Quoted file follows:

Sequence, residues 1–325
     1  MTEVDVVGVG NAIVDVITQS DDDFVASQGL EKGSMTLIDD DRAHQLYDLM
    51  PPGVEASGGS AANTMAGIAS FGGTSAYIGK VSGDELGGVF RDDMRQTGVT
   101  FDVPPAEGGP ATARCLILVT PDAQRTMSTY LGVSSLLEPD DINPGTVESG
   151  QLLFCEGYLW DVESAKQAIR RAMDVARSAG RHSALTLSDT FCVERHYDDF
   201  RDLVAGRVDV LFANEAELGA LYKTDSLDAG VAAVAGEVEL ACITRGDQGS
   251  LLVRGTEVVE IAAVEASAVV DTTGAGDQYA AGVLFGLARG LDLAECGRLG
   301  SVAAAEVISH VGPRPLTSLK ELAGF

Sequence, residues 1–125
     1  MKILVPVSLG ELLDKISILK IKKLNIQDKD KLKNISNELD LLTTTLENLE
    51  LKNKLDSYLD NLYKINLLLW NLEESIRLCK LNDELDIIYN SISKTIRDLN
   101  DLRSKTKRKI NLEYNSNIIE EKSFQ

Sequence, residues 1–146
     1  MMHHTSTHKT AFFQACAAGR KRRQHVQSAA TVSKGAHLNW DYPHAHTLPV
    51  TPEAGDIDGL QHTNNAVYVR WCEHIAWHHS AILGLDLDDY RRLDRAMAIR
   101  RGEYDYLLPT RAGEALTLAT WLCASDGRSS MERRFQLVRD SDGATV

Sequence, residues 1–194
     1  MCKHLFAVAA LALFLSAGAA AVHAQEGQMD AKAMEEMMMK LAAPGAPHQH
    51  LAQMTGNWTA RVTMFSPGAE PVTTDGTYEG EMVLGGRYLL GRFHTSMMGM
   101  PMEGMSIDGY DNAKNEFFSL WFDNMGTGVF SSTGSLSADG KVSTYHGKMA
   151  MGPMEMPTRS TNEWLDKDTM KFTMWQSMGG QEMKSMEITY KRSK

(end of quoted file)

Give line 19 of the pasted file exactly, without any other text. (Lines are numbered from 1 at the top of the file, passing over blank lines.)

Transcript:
    51  LAQMTGNWTA RVTMFSPGAE PVTTDGTYEG EMVLGGRYLL GRFHTSMMGM